Archive for 1975 Gallery

Inward glimpses: “Spyglass” by Sarah C. Rutherford & Brandon Colaprete

Posted in review with tags , , , , , on June 2, 2012 by Rebecca

This post originally appeared on Rochester City Newspaper‘s art blog.

A detail from “Spyglass,” on view at 1975 Gallery through June 16. PHOTO BY REBECCA RAFFERTY

This world hasn’t lost its wonder and its magic for Sarah Rutherford – in fact she insists upon its presence and will manifest it, conjure it up from scavenged detritus wherever it’s not readily apparent. And those who also feel the sweet tug of the beautiful mystery are drawn to her luminous work like so many sleepy little moths, shaking the dust from their wings and hovering about, fascinated. On Thursday, May 31, a flurry of us swarmed to the lantern-lit preview of her new installation, “Spyglass,”created this time not with art collective, The Sweet Meat Co., but with architect Brandon Colaprete. The show is installed at the former Little Bakery spot on Charlotte Street, which will be the future, permanent home of the nomadic-no-longer 1975 Gallery.

On the approach toward the former bakery from Main Street, viewers first spy a whorl of wood surrounding a window and creating a portal; the other side of the building is illustrated with a dreamy mural of clockwork crows.

Once inside, visitors navigate distorted, twisting walls into a created room within a room, where they step into nooks or peek through globes and various found lenses into wee spaces populated by cut-out figures, animals, bones, books, gears, feathers, and all manner of natural nuance. Weatherworn warrior women stand strong, alone, or make silent appeals to elusive, reliable menfolk.

Coming from a background of painting and drawing, Rutherford says “it was wonderful working with someone who thinks in more three-dimensional terms.” Her creative partner in this exhibition is Brandon Colaprete, an architect with Chaintreuil Jensen Stark Architects, which is the firm behind the Eastman Theatre Expansion & Renovation project. In creating “Spyglass,” Rutherford felt herself starting to think differently about space. “The 2-D objects, the crows/figures, etc., became the same as the lumber – all just parts of a whole piece,” she says.

“Brandon pushed me to work in a more planned manner, at least with the overall concept/building of skeleton, and I pushed him to loosen up,” she says. “This wasn’t a building or a permanent thing we were creating. It was a place to explore ideas and concepts in a more organic way. We were creating something that will be destroyed after two weeks of being finished. I think that freedom was fun for him, but also a challenge.”

The setting feels like a fragile, broken down sylvan cathedral, a sacred spot protected by all things capably feral. And like any stumbling upon the fae world, it might not be there the next time you visit. Above the reconstructed bits of architectural salvage, more clockwork crow illustrations soar among lights and cut paper which casts layers of shadows above and below. A life-sized, seated king-of-the-forest figure presides over the scene, but various beings watch viewers from every direction. Step up to one nook to find a secret boy child on high, spying down on all.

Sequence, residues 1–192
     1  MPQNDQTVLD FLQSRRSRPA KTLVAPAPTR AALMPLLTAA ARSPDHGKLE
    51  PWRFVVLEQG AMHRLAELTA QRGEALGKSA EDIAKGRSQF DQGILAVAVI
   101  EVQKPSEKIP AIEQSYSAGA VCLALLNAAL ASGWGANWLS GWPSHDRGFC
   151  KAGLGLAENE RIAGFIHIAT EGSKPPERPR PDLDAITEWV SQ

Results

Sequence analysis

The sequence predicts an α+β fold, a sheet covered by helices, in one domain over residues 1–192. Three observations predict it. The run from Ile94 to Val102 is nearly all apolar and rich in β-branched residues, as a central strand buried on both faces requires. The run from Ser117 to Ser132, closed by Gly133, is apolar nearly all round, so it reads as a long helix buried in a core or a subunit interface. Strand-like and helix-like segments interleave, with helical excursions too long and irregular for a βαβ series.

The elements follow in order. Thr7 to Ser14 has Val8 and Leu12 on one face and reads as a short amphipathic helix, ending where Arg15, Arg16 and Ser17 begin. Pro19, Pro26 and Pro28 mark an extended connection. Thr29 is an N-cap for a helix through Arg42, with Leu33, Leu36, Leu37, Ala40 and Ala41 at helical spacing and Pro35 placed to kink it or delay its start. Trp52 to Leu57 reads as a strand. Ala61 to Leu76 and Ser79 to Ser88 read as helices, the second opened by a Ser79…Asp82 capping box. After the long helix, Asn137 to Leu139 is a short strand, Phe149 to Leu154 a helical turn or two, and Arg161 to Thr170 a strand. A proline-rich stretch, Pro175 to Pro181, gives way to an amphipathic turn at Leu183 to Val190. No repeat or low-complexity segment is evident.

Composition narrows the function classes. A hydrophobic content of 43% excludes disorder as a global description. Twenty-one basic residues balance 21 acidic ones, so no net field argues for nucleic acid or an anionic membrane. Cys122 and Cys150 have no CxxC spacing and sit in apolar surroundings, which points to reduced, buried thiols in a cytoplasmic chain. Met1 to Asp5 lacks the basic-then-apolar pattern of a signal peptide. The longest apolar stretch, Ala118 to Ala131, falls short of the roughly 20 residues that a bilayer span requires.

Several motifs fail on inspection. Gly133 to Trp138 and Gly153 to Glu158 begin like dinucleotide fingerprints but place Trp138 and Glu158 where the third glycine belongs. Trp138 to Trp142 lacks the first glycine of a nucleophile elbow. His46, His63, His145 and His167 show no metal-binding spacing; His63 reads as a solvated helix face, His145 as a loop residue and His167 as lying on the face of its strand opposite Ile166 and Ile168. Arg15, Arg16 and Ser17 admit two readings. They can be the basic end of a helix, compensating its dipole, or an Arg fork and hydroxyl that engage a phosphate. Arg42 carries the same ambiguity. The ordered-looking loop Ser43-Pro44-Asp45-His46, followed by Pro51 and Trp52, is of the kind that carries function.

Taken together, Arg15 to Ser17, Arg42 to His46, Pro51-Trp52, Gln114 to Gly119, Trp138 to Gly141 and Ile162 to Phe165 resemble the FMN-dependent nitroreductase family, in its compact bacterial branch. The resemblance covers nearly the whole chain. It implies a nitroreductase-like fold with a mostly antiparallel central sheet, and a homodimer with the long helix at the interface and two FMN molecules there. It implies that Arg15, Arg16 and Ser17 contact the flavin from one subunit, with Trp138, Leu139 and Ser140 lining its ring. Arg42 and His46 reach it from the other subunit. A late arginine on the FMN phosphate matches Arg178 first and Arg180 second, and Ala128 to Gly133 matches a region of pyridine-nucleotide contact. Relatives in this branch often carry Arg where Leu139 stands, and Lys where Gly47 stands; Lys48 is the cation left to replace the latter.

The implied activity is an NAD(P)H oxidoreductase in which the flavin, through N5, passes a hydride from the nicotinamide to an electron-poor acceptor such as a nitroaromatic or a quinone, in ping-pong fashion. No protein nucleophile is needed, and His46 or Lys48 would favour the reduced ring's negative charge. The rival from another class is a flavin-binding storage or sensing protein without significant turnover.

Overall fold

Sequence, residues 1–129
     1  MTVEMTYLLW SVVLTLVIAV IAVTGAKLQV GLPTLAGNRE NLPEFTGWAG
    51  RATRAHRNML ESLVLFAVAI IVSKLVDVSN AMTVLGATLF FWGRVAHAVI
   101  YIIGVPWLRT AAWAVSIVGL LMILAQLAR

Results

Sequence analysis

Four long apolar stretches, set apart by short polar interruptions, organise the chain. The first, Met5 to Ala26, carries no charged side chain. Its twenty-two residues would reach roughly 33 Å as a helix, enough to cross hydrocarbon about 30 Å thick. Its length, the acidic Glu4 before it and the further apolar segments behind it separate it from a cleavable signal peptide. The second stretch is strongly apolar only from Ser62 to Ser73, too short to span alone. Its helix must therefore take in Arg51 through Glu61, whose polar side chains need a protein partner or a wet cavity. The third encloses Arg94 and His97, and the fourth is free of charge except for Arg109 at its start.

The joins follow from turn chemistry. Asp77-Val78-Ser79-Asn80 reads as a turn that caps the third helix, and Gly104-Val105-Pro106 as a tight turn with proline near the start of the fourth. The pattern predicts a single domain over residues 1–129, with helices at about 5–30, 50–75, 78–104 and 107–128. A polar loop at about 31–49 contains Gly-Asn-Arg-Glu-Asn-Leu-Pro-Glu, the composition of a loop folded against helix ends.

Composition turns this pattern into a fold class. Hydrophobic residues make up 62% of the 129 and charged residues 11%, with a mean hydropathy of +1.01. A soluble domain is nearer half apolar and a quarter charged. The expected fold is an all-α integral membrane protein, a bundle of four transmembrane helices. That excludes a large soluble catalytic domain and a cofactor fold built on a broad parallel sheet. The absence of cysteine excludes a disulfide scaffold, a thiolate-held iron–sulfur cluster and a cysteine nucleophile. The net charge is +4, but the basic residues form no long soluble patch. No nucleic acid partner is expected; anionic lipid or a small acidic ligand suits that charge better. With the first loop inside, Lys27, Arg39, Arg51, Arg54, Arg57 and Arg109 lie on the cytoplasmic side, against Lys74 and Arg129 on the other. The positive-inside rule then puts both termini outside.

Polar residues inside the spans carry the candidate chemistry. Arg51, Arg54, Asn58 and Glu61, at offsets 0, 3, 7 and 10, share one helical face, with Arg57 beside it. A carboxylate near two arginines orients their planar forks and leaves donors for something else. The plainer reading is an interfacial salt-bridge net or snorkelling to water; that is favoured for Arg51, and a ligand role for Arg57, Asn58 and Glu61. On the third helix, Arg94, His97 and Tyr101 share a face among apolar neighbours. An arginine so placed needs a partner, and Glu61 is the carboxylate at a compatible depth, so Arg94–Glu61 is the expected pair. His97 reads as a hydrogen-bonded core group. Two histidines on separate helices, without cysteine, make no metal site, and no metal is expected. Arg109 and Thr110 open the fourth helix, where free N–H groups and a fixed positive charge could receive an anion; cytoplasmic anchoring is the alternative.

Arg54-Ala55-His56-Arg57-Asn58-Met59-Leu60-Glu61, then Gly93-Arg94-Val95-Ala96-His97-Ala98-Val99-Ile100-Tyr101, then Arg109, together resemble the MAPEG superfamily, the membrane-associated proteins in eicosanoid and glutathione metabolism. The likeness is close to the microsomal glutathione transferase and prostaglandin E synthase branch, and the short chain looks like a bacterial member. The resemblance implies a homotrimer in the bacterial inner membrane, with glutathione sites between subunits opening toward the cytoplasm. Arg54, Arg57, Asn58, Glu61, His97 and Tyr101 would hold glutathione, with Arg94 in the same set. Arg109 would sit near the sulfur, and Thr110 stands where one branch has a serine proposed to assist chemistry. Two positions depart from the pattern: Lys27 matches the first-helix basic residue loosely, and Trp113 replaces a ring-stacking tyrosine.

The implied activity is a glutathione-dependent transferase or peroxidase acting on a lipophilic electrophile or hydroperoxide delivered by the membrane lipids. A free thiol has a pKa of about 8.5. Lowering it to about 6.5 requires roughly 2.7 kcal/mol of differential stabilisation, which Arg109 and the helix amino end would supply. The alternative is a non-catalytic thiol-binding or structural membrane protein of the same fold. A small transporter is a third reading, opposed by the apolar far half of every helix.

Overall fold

Like all of Rutherford’s endeavors, “Spyglass” is rife with unexpected nuance, and discovering it all could fill many hours. The origin of Spyglass began with a piece Rutherford created for last year’s Sweet Meat Co. installation, “Welcome to Sweetsville,” in which she used lenses given to her by 1975 Gallery owner and fellow Sweet Meat artist, Erich Lehman, to create a little viewing box with materials scavenged from an abandoned warehouse. “I wanted to play with that same idea but on a smaller scale – drawing the viewer into a private, intimate viewing experience,” says Rutherford. “After the show, I couldn’t stop thinking about what it would be like to make a whole room act in the same way – playing with the idea on a large scale and also on a intimate scale.”

Scavenging materials for the art is ever a part of the process for Rutherford and her friends. “It’s what I do, it’s what the crows do, it’s how this show was built. We as artists are scavengers – whether we use found materials or simply scavenge ideas and visual reference from our environment,” she says.

“The crows also have such impact for me as a visual reference for Rochester,” says Rutherford. “They are an integral part of our community and so powerful when they unite as this huge group or murder of birds. It’s in the same way that I look at our community. We are all uniquely beautiful, different, but coming together has its own power that could never be created working alone.” Though “Spyglass” was primarily created by the artist pair, Rutherford says “the wonderful group of people who participated both with labor and with support are both why it exists and what fuels me.”

“For this show, it was important to me that nothing was “for sale,” says Rutherford. “I truly wanted the show to be something that was about the experience and also heavily built around impermanence.” But after working on two Sweet Meat Co. installations, Rutherford was aware of how expensive they can become. Her solution was to create an eventual takeaway component of the exhibit: each person who donates $40 dollars towards the show will receive one of the crow drawings at its completion. “I liked this idea instead of simply asking one or two people to fund the whole exhibit – this way it is funded by the community,” says Rutherford. “They are the reason it exists.”

Rutherford’s breadcrumb trail might soon appear in different cities. “This installation was very much based around the building – its shape and flow, but also based around Rochester,” assembled from “discarded and forgotten pieces of our fine city,” says Rutherford. “I would love to work on this idea in a different city, using its fabric to see how that would translate.”